Jesus often calls us to do difficult things in light of the gospel. They seem so difficult because they are so contrary to our human nature. They aren’t ‘natural’ things to do. Sometimes, if we are honest, they seem impossible, especially when we are in the moment that we are being called to do that hard thing (rather than when we are thinking about it or writing about it!)
Matthew 5: 43-48 is one of those times where Christ calls us to do something seemingly impossible. Jesus’ words here are striking:
43 “You have heard that it was said, ‘You shall love your neighbor and hate your enemy.’ 44 But I say to you, Love your enemies and pray for those who persecute you, 45 so that you may be sons of your Father who is in heaven. For he makes his sun rise on the evil and on the good, and sends rain on the just and on the unjust. 46 For if you love those who love you, what reward do you have? Do not even the tax collectors do the same? 47 And if you greet only your brothers, what more are you doing than others? Do not even the Gentiles do the same? 48 You therefore must be perfect, as your heavenly Father is perfect.
Jesus calls us here not to love our spouse, our family, our children, our best friends, those closest to us, but rather to love our enemies. Enemies here are those who would persecute us, malign us, or otherwise cause us harm in some way because of our faith in Jesus Christ. Love those who hate you; love those who disagree with you; love those who mock and shame you. Those actions usually aren’t returned with love!
As I read this, I am tempted to exchange the word love for mere platitude. I would like to define love here as not returning fire; when I am mocked, I just don’t respond, kind of roll my eyes, but not respond and go the other way. I would like to define love here as not doing harsh things in return, not mocking in return. While this isn’t a bad place to start, Christ here is calling us to much more.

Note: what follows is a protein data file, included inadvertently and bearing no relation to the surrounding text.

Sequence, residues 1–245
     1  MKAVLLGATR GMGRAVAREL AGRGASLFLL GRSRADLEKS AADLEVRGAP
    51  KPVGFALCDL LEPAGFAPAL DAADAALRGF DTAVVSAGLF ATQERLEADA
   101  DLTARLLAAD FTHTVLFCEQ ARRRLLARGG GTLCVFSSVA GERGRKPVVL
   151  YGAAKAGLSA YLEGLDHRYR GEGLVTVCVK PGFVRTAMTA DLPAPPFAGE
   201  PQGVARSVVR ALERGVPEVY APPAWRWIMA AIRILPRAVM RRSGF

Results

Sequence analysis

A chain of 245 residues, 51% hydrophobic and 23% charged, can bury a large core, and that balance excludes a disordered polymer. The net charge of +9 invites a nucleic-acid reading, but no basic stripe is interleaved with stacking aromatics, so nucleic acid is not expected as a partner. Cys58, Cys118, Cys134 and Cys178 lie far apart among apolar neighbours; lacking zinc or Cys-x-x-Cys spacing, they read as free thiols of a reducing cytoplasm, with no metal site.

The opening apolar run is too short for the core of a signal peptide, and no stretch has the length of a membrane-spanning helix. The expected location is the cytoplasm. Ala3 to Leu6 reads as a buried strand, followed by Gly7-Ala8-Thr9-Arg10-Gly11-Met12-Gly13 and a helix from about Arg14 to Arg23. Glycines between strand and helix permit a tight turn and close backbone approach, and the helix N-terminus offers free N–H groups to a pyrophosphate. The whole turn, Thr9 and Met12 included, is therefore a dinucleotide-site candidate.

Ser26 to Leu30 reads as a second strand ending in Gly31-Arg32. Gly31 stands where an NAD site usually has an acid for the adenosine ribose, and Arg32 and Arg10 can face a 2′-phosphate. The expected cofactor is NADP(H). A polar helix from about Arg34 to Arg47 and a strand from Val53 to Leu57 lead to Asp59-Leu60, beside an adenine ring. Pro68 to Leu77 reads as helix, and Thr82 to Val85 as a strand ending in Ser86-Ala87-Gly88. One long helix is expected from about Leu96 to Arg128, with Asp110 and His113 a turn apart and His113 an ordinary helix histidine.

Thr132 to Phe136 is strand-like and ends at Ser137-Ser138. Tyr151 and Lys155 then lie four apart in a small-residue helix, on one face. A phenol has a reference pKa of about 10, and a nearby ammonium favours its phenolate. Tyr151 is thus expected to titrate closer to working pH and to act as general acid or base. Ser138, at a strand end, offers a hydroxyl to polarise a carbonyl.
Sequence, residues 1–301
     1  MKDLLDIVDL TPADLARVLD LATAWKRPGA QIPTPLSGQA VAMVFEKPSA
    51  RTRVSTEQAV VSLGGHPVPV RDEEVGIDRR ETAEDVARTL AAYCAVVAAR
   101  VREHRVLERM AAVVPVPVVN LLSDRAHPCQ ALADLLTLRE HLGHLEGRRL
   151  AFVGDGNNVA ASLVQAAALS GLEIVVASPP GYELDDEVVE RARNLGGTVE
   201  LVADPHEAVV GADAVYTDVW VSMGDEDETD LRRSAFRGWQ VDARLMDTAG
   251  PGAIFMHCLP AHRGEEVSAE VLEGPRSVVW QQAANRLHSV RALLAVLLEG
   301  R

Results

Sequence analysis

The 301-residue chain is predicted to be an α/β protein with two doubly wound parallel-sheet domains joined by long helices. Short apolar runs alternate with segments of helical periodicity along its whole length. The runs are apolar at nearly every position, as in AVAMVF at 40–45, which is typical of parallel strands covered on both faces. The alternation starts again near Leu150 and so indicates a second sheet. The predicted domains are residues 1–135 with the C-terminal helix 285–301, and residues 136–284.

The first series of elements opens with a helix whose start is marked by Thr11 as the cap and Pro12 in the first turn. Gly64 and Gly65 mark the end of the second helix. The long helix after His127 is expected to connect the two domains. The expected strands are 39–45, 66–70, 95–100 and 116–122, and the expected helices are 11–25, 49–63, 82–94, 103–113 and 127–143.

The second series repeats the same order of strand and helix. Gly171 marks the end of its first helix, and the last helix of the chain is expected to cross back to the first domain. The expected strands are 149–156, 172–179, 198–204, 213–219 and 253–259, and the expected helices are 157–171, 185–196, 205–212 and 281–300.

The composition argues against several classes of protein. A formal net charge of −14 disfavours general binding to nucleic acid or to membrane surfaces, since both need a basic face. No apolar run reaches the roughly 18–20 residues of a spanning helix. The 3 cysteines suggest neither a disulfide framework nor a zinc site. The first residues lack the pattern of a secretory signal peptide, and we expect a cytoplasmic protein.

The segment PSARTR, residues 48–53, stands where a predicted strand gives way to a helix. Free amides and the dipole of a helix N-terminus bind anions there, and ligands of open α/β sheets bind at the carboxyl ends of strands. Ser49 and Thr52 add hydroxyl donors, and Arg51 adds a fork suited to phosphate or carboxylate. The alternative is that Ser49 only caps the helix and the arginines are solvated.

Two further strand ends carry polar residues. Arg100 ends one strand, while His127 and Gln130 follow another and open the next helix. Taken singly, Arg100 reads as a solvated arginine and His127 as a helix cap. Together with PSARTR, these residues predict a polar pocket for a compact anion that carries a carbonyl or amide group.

The word love used in this passage, when Christ says ‘love your enemies’, is a command, an active verb, and is the word that is often used to describe the Father’s love for the Son, the Son’s love for the Father, and for their love of all people. It is a word calling Christ followers to love their enemies with a generous, warm, costly self-sacrificing for the other’s good. Jesus says go and love your enemies like this; love them like I loved you and laid down my life for you. Go love those who persecute and malign you with this type of love, the same type of love that I and the Father have for you.
How? How can we love enemies in this way? I think this passage gives us a help and a reminder:
- God loves them (v. 45)
God, as the Creator of all things, loves all things that He has created, which includes every person. God loves every man and woman because He created them, and created them all in the imago dei. This means that every single person has value, dignity, and worth because they are all made by God. He fashioned them in their mother’s wombs. And while he will judge all those who do not repent and trust in His Son’s work for their salvation, He LOVES them and desires that they would come to repentance (2 Peter 3:9). This is why He shows all people common grace. He causes the sun to rise for all people, not just His church. He causes rain to fall for the just and the unjust, so that all can eat what the land produces. If God loves all people, then we as His sons and daughters should as well.
- Loving your enemies is a genuine test of whether you love Christ (v. 46-47)
Building off verse 45, Jesus then tells us that if we don’t love our enemies we might not understand the gospel ourselves. Everyone loves their own. Even the tax collectors and the Gentiles (the two groups Jews would have despised the most) love those who love them. The test of real love, of genuine discipleship, is whether you can love those who don’t love you. We know this because of verse 48. Jesus says, “You therefore must be perfect, as your heavenly Father is perfect.” Jesus calls us to love with a perfect (mature, complete) love like God loves. And God loved YOU when YOU were his enemy. God sent His Son Jesus to take the wrath and punishment you deserve for your sin and rebellion against Him.
We all have sinned and fallen short of the glory of God (Romans 3:23). But God, in His great love and kindness, sent His Son to die in your place. God loved you so much, that while you were His enemy and dead in your sin (Ephesians 2:1), He sent His Son to die for you and to give you His Son’s righteousness. He also loved you enough to reveal the glory and goodness of the cross to you, so that you could understand the gospel, repent of your sin, and believe in Christ for salvation. If God has loved you this unimaginably when you were his enemy then you as a Christ-follower can and should love in the same way.
If we cannot love those who mistreat us, then do we truly understand the love of God offered in the gospel who loved us in our sin and rebellion?
So, when you are persecuted, mistreated, or maligned by someone, love them. Love them in spite of their words and actions. Love them because God does, and because God loved you when you were His enemy. Loving them will show the beauty of the gospel that has transformed your life, and it might show them the love of God as well, that God has loved them enough to send His Son to die for them.